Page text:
4. 4. OS - The main piece of software that controls the fundamental operation of the computer The OS (Operating System) is the layer between the kernel and the user and application software. Early OS’s e.g. MS-DOS had a text interface (command line) that could be used to build user software and load applications. Modern operating systems have a GUI (Graphical User Interface). Microsoft Windows (most recently version ‘Vista’) and MacOS X (10.5 Leopard) are the most common examples. Linux distributions include Fedora (now Core 9 from RedHat), Ubuntu, Caldera and Debian and are all based around the same kernel. The OS and the kernel are referred to as ‘system software’ Applications – Software that the user uses Pieces of application software are tools that run within the framework of the operating system. Examples are word processors, spreadsheets, databases, computer games. Applications may be distributed with the OS, sold with a licensing model, or available for free download as Freeware. User Software – Software that is written by the user within an application Applications may be configured or programmed to perform specific tasks. Examples are ‘macros’ in Microsoft Office applications, or data capture and analysis in LabView, a graphical programming tool. Note that this is different to the user designing application software, discussed in more detail later. Lecture 1: Software Fundamentals BIT204: Software Design – James Uren 4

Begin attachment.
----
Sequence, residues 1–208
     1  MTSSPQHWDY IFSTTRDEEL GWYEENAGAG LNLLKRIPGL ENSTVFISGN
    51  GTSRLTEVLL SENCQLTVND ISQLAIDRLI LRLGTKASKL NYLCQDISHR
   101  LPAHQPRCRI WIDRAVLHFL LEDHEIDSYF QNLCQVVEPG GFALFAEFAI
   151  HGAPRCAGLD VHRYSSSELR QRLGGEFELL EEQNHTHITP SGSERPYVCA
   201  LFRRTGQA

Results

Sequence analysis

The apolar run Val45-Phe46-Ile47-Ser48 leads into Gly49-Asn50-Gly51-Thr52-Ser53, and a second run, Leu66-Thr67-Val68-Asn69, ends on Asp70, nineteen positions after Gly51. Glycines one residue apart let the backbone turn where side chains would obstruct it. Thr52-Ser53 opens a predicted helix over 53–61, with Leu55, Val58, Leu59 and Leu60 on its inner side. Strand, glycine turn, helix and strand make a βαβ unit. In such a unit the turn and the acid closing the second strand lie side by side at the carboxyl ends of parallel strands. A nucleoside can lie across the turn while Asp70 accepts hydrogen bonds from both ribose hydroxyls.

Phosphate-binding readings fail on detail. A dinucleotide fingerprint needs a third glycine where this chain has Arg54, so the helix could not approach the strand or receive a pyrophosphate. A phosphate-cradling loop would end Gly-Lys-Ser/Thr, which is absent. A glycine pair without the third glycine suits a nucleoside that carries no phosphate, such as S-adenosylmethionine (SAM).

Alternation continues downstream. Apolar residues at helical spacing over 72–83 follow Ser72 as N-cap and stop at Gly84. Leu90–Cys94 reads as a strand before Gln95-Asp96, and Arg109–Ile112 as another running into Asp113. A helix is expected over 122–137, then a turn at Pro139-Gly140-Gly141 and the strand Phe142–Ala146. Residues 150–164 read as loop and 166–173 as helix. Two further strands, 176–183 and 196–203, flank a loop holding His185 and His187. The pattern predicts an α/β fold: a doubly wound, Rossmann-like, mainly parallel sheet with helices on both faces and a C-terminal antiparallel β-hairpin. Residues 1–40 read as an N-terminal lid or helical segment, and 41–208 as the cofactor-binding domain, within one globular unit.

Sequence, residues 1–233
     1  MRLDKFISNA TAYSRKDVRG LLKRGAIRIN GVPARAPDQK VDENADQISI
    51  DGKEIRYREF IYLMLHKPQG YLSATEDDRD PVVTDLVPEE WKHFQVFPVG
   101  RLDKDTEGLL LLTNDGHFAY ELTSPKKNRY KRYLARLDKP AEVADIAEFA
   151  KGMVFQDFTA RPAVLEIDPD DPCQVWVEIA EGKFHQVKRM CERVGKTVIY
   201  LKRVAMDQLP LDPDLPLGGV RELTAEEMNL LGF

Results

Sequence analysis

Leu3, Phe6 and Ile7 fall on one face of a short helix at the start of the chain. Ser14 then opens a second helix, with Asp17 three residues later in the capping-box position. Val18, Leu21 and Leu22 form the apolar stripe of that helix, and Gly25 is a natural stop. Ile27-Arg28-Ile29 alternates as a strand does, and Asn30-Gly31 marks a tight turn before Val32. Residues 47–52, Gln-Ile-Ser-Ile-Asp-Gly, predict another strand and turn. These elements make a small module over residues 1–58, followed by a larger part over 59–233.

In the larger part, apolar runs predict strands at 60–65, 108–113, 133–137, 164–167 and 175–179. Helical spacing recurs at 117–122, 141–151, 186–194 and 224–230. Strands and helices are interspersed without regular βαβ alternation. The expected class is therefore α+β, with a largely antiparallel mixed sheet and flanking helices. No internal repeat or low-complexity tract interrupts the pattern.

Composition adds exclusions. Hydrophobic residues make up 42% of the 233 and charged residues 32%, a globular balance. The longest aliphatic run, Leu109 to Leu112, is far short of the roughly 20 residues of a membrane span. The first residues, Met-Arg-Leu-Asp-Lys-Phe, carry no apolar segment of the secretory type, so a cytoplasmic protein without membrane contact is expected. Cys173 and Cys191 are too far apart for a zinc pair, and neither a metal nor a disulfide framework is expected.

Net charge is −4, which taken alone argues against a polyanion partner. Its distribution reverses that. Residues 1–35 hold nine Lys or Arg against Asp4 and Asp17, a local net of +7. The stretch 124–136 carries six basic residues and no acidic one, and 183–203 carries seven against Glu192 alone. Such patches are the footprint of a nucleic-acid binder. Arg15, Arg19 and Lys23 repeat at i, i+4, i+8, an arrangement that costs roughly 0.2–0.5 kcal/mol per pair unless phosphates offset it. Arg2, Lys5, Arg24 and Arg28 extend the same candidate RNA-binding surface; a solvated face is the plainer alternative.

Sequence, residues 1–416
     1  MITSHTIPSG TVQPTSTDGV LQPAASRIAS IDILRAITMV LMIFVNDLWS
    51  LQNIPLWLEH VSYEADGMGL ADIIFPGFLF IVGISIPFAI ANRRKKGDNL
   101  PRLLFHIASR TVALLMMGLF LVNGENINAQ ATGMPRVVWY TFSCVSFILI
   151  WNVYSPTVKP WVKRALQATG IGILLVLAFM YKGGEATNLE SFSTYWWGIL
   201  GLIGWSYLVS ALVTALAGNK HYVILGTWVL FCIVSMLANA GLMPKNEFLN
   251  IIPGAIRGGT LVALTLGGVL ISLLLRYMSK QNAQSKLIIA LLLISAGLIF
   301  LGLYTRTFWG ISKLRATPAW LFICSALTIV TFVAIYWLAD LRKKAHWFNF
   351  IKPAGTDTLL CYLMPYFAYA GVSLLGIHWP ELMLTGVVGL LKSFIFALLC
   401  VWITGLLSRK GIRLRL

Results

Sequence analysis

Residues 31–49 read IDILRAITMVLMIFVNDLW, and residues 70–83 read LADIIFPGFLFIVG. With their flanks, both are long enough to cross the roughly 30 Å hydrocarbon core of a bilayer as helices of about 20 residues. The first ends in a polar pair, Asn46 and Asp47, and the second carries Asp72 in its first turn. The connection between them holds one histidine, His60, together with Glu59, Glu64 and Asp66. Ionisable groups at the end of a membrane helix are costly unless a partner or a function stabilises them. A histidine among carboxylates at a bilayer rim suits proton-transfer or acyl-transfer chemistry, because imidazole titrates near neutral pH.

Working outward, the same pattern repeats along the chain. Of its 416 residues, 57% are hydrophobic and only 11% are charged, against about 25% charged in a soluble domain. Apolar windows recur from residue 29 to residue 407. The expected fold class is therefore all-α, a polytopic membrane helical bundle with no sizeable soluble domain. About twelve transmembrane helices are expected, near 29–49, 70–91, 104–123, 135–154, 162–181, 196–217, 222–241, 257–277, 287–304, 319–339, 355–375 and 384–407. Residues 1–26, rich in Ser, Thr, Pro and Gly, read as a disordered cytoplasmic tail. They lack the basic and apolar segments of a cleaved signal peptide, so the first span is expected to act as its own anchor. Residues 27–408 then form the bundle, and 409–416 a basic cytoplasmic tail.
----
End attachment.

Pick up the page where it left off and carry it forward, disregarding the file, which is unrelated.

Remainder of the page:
5. 5. Software Layers Software is normally designed with an abstraction layer model. This is often implemented with libraries of software functions (e.g. Dynamic Link Libraries, DLLs) that provide an API (Application Programming Interface) for the programmer to communicate with lower levels of software or the operating system. Software Design and Programming Computers can be programmed to perform tasks and provide functionality for users. Computer programs are written in a programming language that is then compiled into machine code that the processor can understand. Each line of machine code consists of an instruction (op-code) and an address in memory to operate on (operand). Example instructions might be ADD, MOVE or BRANCH (move to another place in the program). Modern processors still operate with a tape model outlined by Turing, the Turing Machine: In this model the program is stored on the tape and the read head looks at each instruction and address in turn and performs the appropriate action. Machine code can be written directly in assembly language (often called assembler), where each mnemonic is converted to the machine code equivalent. More often software is written in a ‘higher level language’ that uses more meaningful expressions and programming structures. Examples of higher-level languages are Visual Basic, C, Java etc. Software Development Lifecycle In 1970 Royce proposed the waterfall model for software development: Lecture 1: Software Fundamentals BIT204: Software Design – James Uren 5